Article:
Posted in Book Review, Books I have read, Five Star Reads

The Fact of a Body – Alexandria Marzano-Lesnevich

Non-Fiction
5*s


The Fact of a Body
is one of the most compelling investigations into a true-crime that I have read, perhaps because that isn’t all it is. It is how one crime can have parallels into another, entirely different life. That is how Alexandria Marzano-Lesnevich feels and what she sets out to show us with this mix of true-crime and a memoir.

When Alexandria Marzano-Lesnevich joins a law firm in New Orleans as an intern, whose work is based on having death sentences overturned, she feels she is about to start the career she is supposed to have. The daughter of two lawyers, she is staunchly anti the death penalty. But all that turns when she watches a video of Rick Langley who has been convicted of killing a six year old boy, Jeremy Guillory. I’m not going to sugar coat it, the crime is awful but what shocks the author most is that she feels so strongly that Rick Langley should die for the crime he committed. She no longer believes what she thought she did and that has consequences on her life.

The real question she asks is why has she changed one of her core beliefs and within this book she carries out a painstaking investigation of not only Rick Langley’s life but also that of Jeremy who was the son of a single mother, pregnant with her second son at the time of the murder. Alongside this we learn more about her own life, growing up with not so much secrets as known facts left unsaid and unexamined. In this book they are thoroughly examined. It is quite clear that the crime or more accurately where the truth lies, is something of an obsession for the author. What she bravely examines within the text is why she feels that way

All three strands of the book are equally hard to read in parts but the writing is both accessible and intelligent. The author’s own story is far from being a misery memoir where the author begs us to feel her pain, instead she shows us how her family chose to deal with the blows life dealt them and the consequences, as she sees them, of those decisions. When she examines Jeremy’s life it is with tenderness for both him and his mother. Given that we know her visceral reaction to hearing Rick Langley’s voice the author writes with care about the man himself. Not to lessen his crime in any way but by delving deeper into his story and the various explanations given to the fateful evening when Jeremy was killed, tries to find the beginning of this man’s story.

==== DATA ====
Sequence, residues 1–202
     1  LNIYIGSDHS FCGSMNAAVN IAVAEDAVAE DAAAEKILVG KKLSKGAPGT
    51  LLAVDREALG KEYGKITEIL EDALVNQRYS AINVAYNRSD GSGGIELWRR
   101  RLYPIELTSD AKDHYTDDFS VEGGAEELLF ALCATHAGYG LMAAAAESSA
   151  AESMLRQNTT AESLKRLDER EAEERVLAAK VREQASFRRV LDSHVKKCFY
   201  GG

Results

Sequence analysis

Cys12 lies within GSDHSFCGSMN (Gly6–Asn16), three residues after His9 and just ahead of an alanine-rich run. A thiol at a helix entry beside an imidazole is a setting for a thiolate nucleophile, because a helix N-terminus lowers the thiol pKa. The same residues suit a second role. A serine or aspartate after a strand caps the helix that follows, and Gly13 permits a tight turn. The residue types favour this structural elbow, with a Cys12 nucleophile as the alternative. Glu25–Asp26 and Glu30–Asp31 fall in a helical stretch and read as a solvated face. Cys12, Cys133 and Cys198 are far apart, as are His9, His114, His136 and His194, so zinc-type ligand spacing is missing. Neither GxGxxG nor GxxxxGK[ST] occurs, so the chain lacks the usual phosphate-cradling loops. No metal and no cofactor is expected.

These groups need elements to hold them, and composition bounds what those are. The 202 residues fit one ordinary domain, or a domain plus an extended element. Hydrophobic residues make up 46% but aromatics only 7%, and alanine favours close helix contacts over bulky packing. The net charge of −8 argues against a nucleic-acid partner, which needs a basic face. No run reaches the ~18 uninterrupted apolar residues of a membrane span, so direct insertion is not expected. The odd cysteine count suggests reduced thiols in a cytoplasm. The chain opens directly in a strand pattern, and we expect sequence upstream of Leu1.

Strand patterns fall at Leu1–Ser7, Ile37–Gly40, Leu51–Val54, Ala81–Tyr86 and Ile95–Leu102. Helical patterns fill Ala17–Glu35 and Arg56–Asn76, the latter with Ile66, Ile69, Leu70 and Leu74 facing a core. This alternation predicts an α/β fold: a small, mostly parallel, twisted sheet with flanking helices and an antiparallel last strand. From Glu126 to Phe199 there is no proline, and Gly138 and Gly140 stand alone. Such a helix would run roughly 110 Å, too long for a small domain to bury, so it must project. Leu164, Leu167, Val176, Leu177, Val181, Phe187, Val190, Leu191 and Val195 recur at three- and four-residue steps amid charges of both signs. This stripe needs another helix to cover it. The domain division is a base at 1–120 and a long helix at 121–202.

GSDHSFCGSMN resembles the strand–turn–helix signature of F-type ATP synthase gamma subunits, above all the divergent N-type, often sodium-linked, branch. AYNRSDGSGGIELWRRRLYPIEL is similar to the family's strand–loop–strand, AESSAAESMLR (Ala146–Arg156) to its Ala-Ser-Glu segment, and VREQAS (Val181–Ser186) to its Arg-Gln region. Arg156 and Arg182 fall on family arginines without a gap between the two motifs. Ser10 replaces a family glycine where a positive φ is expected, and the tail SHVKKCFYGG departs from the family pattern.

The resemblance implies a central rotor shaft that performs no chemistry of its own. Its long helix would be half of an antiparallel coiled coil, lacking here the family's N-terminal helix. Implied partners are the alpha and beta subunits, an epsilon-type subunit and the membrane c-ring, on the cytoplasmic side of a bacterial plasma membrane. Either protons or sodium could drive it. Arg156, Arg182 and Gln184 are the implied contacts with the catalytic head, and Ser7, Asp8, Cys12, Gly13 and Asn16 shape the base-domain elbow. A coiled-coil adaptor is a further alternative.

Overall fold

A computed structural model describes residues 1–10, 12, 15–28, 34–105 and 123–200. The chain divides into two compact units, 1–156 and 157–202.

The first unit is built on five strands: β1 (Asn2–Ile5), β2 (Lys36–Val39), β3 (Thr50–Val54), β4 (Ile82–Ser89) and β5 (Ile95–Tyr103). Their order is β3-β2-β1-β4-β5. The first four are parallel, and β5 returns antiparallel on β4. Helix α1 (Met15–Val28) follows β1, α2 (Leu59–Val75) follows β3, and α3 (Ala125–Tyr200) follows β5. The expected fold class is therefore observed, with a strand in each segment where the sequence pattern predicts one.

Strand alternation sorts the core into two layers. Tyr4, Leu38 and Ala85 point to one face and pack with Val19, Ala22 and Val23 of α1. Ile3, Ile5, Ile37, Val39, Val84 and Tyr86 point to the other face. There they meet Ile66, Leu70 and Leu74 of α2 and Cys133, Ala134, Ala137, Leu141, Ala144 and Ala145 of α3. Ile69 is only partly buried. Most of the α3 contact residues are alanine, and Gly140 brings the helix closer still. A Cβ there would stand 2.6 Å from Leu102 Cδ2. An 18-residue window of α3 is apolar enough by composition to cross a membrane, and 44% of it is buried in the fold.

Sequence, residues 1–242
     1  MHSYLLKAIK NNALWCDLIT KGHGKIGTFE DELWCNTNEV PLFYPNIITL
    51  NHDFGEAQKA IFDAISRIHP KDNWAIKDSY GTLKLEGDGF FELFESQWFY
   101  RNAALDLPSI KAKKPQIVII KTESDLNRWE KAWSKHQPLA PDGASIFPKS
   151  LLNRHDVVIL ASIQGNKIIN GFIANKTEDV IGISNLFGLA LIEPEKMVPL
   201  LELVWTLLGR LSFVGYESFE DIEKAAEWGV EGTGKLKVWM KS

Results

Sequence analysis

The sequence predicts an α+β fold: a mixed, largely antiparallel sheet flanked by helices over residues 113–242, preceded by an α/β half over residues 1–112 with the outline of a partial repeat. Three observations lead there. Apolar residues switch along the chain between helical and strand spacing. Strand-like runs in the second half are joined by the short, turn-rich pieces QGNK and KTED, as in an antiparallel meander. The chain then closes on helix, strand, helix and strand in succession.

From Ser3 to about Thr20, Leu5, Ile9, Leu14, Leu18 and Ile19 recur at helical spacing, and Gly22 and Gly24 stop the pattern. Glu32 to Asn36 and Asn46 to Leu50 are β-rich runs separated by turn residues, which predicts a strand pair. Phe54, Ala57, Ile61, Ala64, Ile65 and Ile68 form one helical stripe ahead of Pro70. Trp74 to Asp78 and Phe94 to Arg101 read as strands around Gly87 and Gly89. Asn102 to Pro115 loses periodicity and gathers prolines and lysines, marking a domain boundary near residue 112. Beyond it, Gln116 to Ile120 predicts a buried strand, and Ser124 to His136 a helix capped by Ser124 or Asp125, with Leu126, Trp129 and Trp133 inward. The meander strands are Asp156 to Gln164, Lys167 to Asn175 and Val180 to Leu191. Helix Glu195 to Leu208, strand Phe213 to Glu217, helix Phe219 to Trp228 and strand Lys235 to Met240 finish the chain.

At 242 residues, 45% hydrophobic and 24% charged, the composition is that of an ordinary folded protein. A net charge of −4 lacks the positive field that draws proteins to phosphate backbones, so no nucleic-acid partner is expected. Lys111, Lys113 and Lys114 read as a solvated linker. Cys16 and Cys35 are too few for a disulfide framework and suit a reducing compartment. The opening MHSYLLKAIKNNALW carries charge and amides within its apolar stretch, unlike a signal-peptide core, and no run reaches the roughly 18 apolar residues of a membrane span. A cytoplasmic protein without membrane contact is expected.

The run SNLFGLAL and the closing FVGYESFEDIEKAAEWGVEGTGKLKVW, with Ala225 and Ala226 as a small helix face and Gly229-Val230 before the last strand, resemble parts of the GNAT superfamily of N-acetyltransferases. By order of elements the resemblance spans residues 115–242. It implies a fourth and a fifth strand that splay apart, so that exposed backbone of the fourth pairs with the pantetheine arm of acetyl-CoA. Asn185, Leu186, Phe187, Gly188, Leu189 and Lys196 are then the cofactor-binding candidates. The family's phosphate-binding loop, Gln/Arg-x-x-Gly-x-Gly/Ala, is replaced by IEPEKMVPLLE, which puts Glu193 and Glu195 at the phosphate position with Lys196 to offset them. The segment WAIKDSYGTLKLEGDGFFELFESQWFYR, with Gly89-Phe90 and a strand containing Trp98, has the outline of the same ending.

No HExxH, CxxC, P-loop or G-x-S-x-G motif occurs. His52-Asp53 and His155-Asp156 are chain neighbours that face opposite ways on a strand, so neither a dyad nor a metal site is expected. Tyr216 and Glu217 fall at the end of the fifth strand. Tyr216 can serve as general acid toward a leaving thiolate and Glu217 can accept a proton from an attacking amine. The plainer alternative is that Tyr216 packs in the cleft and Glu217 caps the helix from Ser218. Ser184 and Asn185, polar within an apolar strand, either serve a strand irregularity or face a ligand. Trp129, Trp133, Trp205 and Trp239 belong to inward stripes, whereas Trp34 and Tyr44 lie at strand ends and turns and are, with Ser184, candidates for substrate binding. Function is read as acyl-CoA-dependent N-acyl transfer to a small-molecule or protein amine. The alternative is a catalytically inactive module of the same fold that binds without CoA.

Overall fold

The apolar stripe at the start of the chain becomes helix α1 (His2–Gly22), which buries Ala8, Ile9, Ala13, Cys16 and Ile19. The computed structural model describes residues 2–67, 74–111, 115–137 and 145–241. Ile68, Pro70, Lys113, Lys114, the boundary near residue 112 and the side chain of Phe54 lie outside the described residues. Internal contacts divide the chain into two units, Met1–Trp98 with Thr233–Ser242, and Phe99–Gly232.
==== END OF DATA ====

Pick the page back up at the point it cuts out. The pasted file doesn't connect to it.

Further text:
Adding to the intelligent feel are some of the points of law as she was taught complete with examples that are relevant to the criminal case which was incredibly useful for those of us less familiar with the US law. Ricky Langley had gone through three separate trials by the time Alexandria was investigating, she had three different trial transcripts and three different videotaped confessions along with DNA evidence, and masses of reports written by different experts. The author herself has to decide which of these truths is the real truth at the same time she dredges her memories from early childhood and tells her truth, which may or may not differ from those of her siblings.

I actually started reading this book after using it as one of my Tuesday Opening Paragraph posts and couldn’t put it aside which I think is testament to just how compelling, if difficult, a read this is.

I’d like to thank the publishers Pan Macmillan for allowing me to read a copy of this book ahead of publication on 18 May 2017. This review is my unbiased thanks to them.

First Published UK: 18 May 2017
Publisher: Pan Macmillan
No of Pages:  336
Genre: Non-Fiction True Crime 
Amazon UK
Amazon US

Author:

A book lover who clearly has issues as obsessed with crime despite leading a respectable life

38 thoughts on “The Fact of a Body – Alexandria Marzano-Lesnevich

  1. I passed this one up on NEtgalley and I’m really bummed out that I did because I’m seeing it everywhere and with so many great reviews too! I’ll have to get my hands on this at some point, it’s totally my kind of non-fic read. Great post!

    1. I was just going to make this exact same comment! Oh well, looks like my TBR pile grows yet again! 😂😝

  2. I haven’t read any true crime novels since I read Boston Strangler a few months ago. This sounds compelling although tough especially due to the nature of crime that you hinted about. Great review.

  3. This one sounds like a powerful read, Cleo. Sometimes those difficult-to-read books that explore the bigger questions can leave the most lasting impression on you. And this sounds like one of those books. I’m glad you found that it drew you in.

  4. This sounds like a very interesting read in that the author managed to convey how her beliefs shifted. I’ve sometimes wondered how lawyers working on these sorts of cases deal with it.

  5. This sounds fascinating. I am really interested in the idea that the author changed her mind about the death penalty in this case…did she change it back as it sounds like nothing is as clear cut as it might first appear.

  6. Love that we both reviewed this today!! Excellent review, it was one of those that was difficult for me to review as I don’t think I did the Author justice.

  7. Not sure it’s for me, but it sounds fascinating, and a bit harrowing. I can understand why people can be in favour of the death penalty – with me, it’s only the fact that mistakes can’t be reversed that makes me against it, really.

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